Today I want to talk about fashion again and I have a bit of a bone to pick. Is there such a thing as an sustainable haul? If you’re a long-time reader you probably know I operate a capsule wardrobe, I try not to buy too many clothes and try to choose ethical and sustainable brands- like this gorg jacket from The Good Life Co*. I also love to talk about the environment, so I needed to get this off my chest.
Fashions’s Dirty Secrets
Recently a documentary aired on the BBC, Stacey Dooley Investigates: Fashion’s Dirty Secrets. I was so pleased that a programme like this was getting air time on BBC One and would hopefully open more peoples eyes to at least some of the issues with the fashion industry. A quick recap for those that don’t know, essentially the fashion industry is the second biggest polluting industry on Earth and it’s destroying our planet. Harsh chemicals pollute our rivers, cotton farms have drained entire seas of water, and let’s not even start on sweat shops and working conditions in clothing factories.
Now my gripe is that I’m not sure the conversation which was sparked after the documentary has the legs to last. As a blogger I try to do my bit to promote sustainable fashion and not buying into the fast fashion industry wherever I can. In the week after the show aired I saw a huge YouTuber (who makes big money by filming enormous haul videos) film an ‘Ethical Clothing Haul’.
Can a haul be sustainable?
Now the issue here is the word haul. It’s great that this individual who I will not name, filmed an ethical video- it’s a good start. However it seems to me it was filmed to jump on the bandwagon of what was popular at that moment. The whole point of ethical or sustainable buying is to buy fewer pieces which are made to last and can be worn time and time again. Doing a haul suggests buying lots of items which, added to the size of her already huge wardrobe, means they probably won’t get worn very much. I’m not trying to attack this person but I think it reflects how we as a a society are trained to buy things. To top it all off the following week she was back with another haul from the high street.
So what do I mean by that? Well as a society we are taught to BUY BUY BUY. Sale after sale after sale hits the high street every other week. We are desensitised and we are used to never paying full price for items. This makes them seem disposable. You only wore it once? Oh never mind it only cost a fiver. This kind of attitude is what contributes to tonnes of clothes being produced (at the expense of our environment) and then thrown away into landfill within the same year. The being said, can a haul ever truly be ethical?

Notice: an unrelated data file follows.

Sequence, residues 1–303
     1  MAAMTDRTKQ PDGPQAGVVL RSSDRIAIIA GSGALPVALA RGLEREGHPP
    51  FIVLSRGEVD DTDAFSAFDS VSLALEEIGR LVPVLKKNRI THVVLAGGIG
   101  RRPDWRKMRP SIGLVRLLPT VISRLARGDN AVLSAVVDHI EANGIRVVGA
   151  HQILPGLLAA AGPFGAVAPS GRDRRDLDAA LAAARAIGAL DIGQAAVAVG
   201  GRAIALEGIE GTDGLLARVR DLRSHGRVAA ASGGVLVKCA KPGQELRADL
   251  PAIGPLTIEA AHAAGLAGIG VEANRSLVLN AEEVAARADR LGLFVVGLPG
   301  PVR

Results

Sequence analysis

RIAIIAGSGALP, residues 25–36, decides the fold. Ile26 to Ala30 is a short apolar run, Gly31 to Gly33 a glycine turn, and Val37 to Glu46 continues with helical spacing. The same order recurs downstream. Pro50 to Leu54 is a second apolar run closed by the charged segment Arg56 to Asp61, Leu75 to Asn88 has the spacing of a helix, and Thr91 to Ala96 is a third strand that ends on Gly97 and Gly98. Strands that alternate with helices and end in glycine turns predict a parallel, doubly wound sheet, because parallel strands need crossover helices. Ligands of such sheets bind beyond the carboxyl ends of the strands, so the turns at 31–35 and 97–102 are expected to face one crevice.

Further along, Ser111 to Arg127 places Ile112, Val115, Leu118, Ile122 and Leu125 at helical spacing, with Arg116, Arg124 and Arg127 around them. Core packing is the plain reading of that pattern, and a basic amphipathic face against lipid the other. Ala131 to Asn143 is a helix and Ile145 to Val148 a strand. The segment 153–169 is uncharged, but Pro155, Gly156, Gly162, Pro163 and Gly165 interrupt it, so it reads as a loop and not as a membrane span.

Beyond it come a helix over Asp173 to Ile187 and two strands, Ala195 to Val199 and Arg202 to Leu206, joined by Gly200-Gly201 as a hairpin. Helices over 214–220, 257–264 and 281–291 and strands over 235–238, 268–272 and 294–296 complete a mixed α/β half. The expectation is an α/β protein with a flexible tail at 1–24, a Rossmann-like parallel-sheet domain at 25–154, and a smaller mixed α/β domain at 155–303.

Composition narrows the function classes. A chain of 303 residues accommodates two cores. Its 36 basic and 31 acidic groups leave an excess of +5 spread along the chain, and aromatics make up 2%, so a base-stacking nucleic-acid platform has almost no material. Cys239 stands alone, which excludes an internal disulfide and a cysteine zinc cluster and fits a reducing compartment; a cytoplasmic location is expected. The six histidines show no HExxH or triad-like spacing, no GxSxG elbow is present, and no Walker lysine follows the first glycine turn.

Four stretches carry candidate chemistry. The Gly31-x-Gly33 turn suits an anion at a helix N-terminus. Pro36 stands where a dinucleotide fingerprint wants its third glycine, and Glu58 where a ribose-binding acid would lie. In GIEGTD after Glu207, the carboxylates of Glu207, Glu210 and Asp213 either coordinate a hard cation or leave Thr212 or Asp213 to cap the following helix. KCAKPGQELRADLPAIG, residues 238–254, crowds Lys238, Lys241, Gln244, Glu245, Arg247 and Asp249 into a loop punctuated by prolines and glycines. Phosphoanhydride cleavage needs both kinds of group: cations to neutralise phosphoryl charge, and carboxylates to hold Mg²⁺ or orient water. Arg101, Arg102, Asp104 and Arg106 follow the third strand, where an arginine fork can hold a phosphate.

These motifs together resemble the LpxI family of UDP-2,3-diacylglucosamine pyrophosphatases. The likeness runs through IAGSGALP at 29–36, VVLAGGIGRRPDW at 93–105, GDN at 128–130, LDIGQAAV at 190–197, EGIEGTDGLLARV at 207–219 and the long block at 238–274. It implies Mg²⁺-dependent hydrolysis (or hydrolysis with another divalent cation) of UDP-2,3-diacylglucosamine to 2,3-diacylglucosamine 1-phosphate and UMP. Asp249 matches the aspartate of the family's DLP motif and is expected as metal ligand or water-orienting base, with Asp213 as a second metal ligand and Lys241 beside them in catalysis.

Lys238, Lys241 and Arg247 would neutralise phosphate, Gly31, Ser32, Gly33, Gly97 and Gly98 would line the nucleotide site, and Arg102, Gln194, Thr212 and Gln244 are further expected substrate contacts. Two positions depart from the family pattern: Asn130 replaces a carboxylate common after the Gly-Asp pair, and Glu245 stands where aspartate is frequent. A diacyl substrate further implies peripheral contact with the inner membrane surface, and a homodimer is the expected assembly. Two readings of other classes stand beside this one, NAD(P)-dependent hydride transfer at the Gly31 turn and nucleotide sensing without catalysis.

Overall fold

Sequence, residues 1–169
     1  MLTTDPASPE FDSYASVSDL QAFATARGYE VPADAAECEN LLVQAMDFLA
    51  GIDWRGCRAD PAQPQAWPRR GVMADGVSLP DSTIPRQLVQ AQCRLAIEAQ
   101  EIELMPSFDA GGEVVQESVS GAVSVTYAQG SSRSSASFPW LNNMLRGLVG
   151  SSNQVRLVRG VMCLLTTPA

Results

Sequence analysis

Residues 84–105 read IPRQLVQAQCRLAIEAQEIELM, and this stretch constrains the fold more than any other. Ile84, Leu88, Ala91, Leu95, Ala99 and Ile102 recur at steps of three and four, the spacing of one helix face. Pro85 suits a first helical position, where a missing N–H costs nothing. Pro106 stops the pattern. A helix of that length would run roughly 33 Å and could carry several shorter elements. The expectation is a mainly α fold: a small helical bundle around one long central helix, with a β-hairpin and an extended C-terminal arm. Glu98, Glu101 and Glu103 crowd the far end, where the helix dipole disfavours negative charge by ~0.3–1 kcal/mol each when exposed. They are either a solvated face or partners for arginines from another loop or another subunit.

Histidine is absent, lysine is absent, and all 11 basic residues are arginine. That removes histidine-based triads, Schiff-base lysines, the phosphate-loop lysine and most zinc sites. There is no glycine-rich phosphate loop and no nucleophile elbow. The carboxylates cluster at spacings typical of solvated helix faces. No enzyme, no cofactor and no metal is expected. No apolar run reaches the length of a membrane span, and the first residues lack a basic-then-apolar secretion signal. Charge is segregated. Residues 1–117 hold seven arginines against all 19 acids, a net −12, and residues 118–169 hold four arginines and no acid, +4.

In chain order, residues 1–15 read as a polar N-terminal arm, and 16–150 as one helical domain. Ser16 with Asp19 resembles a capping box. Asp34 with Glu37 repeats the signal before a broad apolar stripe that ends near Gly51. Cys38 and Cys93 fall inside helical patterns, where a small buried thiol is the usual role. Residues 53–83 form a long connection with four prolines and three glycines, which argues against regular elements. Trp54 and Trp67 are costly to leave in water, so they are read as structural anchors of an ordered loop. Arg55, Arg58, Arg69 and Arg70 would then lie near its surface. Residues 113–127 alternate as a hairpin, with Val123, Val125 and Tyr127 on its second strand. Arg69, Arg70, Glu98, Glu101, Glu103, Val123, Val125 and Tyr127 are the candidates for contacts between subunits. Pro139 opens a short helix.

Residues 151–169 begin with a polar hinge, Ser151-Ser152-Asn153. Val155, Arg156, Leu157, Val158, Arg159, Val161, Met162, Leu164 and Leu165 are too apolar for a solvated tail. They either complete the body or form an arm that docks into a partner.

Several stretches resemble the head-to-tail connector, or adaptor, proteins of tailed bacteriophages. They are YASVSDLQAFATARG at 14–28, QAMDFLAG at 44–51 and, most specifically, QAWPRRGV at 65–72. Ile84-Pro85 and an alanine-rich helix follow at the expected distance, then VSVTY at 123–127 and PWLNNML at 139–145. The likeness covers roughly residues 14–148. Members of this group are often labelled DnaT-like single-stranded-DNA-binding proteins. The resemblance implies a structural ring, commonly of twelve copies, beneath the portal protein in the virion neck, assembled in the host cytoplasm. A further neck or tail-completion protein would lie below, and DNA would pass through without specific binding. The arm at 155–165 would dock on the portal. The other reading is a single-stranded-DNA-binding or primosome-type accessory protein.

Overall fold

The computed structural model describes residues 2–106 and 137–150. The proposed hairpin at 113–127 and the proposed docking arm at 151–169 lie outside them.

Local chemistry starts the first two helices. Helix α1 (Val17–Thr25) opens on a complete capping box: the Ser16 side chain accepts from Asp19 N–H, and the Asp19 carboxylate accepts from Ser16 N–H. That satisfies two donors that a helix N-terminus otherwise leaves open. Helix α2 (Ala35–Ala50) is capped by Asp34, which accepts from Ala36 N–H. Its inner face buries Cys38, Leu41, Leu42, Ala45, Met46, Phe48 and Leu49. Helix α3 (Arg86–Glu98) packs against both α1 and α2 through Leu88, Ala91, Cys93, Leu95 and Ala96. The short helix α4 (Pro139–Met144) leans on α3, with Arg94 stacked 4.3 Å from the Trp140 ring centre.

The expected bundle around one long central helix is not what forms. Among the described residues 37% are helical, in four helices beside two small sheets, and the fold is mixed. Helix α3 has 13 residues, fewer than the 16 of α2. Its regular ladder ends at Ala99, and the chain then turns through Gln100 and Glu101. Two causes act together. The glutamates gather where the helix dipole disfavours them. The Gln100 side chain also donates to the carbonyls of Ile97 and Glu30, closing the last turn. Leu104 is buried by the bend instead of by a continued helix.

Personally I just can’t wrap my head around it. It’s actually overwhelming to think about the amount of damage the fashion industry is doing. So what can we all be doing to help? We need to invest in slow fashion instead of fast fashion. I’ve put together a list of things to think about doing- doing any one of these will make a difference.
Slow Fashion Checklist
- Buy less. Sounds obvious but we need to get used to buying less items. You learn to love the clothes you have more and really appreciate them. You’ll also save pennies too.
- Shop your wardrobe. Have a look at what you already own, is there something that would suit your needs which saves you buying another item? Do you have an amazing skirt that you’ve never tied wearing with those boots or that slogan t-shirt?
- Go on a shopping ban. Can you go X amount of time without buying any new clothes?
- Buy second hand. Check out charity shops or depop to get a bargain and give a piece of clothing, which has taken energy and resources to produce, a new lease of life.
- Buy from transparent companies. If you do want to buy an item, try to buy it from an ethical and sustainable brand. Examples include People Tree and Know The Origin.
- Buy from small businesses. Buy from friends, homemade stalls and othersmall start up businesses. Ask them about their ethics and a lot of the time their products are produced in a more sustainable way. My friend launched The Good Life Co, which recycles denim jackets to be painted and given a new lease of life. She also ships in recyclable packaging so no plastic! (This is the jacket in the photos for this post)
- Unsubscribe from emails. Take your name off of the mailing list of all the brands that send you a link to a different sale every other day of the week. If you remove the temptation it makes it easier not to shop.
So those are just a few things to think about doing. I’m not suggesting you never shop again, it’s not realistic and I know I couldn’t manage that either. However if everyone made some small changes to the way they shop then we could make a difference.
Consumers hold the power and if they stop buying into fast fashion then the high street will have to listen. I really want it to be time for change, I genuinely think the documentary I mentioned earlier did open some peoples eyes to what is happening. I just hope that people take the opportunity to make real long-term changes rather than riding off the back of the hype and being eco-friendly for a week.
I really hope this post doesn’t come across as being rude or patronising about people or their shopping habits, it’s merely some observations I’ve made recently. I’d love to know your thoughts on this topic. Did you see Fashion’s Dirty Secrets? Do you try to shop more consciously or where you unaware of your impact as a consumer until recently? Let me know in the comments below.
* For transparency- I recently won a competition to receive a Good Life Co jacket. However I would buy one myself they are bloody cool and they are a sustainable fashion choice, plus it’s cool to support your friends!